Autobiographical Reflection: ECS 100

My high school experience was in no way similar to those who say it was the best four years of their lives. In fact, it was extremely far from that. Of course, I do have some fond memories, although unfortunately, they do not outweigh the times of unrest. Ultimately, my main objective is that my students feel that they are enough for themselves; that they are capable and strong enough to know that they are not alone. My students need to know that they have the power to decide what is important to them and determine the kind of person they want to be.

Growing up, I was extremely extroverted. This is likely because of my two older brothers, Aaden and Matt. At six and four years older than I am, I was always struggling to gain their attention. Consequently, I talk. I talk a lot. I always had to be chatting, or the class clown just like Matt. I was just a profoundly outgoing young girl. My brothers also influenced me to start playing basketball at the ripe old age of six. Yet another way for me to be just like my big brothers. 

Basketball had an effect on me like nothing ever before.  Starting as a tiny girl who could barely bounce a ball, who would have thought that I would eventually play on three provincial teams and play all four years as a starting point guard on Balfour’s senior team. Basketball taught me some very important lessons that I hope to take into my classroom: teamwork is essential, communication needs to occur, and constructive criticism needs to be met with equal or more positivity. It is quite obvious that teamwork and communication are important in almost any situation, but meeting criticism with positivity seems to be a bit less prevalent. Although other factors had an impact on my thinking when my coach pointed out all of my mistakes or weaknesses without ever praising my successes or strengths, I felt like I could not do anything right and that I was just not good enough.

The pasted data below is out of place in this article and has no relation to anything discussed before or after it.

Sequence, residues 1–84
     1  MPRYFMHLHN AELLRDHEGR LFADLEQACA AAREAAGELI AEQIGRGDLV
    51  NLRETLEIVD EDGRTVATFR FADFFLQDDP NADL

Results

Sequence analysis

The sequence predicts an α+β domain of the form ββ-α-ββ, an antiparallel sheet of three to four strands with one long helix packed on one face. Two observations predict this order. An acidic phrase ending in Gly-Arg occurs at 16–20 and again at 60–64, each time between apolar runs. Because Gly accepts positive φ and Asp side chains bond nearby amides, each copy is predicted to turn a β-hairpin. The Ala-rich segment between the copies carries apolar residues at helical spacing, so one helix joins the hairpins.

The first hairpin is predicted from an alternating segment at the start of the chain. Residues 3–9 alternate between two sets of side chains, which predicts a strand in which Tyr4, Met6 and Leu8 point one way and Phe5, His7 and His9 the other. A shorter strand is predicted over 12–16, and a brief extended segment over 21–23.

This idea of not being good enough has played an instrumental part of my life. I have always been the kid that needed to get the highest grades or be the best on the court, and I suppose this pressure that I set upon myself became extremely detrimental when my mental illness began to take control of my thoughts. My depression and anxiety seemed to conquer my brain when I was in grade ten. After leaving a toxic friend group, I found myself becoming increasingly lonely. I also discovered that I no longer enjoyed playing basketball and that I no longer wanted any sort of attention. The old class clown was nowhere to be seen. 

By May of grade ten, I was starting to give up hope, and then I received news that completely changed my life. My teammate Tori had commit suicide. Tori was by far the best teammate I have ever had. She was an easygoing, kind, hilarious girl who always made you feel loved and welcomed. Not only was she an amazing person off the court, but on the court as well. She had the utmost respect for all players and coaches, and she treated us as if we were all the best player on the court. When hearing of Tori’s passing I was numb. Not only did I lose an incredible friend and teammate, but the idea of suicide was no longer out of reach. I remember thinking, if someone as strong as Tori could take her own life, then what is stopping me from taking mine. Later that summer, I was playing on the U16 provincial team. While playing games in both Calgary and Washington, I had panic attacks. I felt as if I could not do anything right on the court, and like I was letting my teammates, coaches, and parents down. The thought that continued to run through my mind was “how am I going to play basketball if I do not even want to be alive”.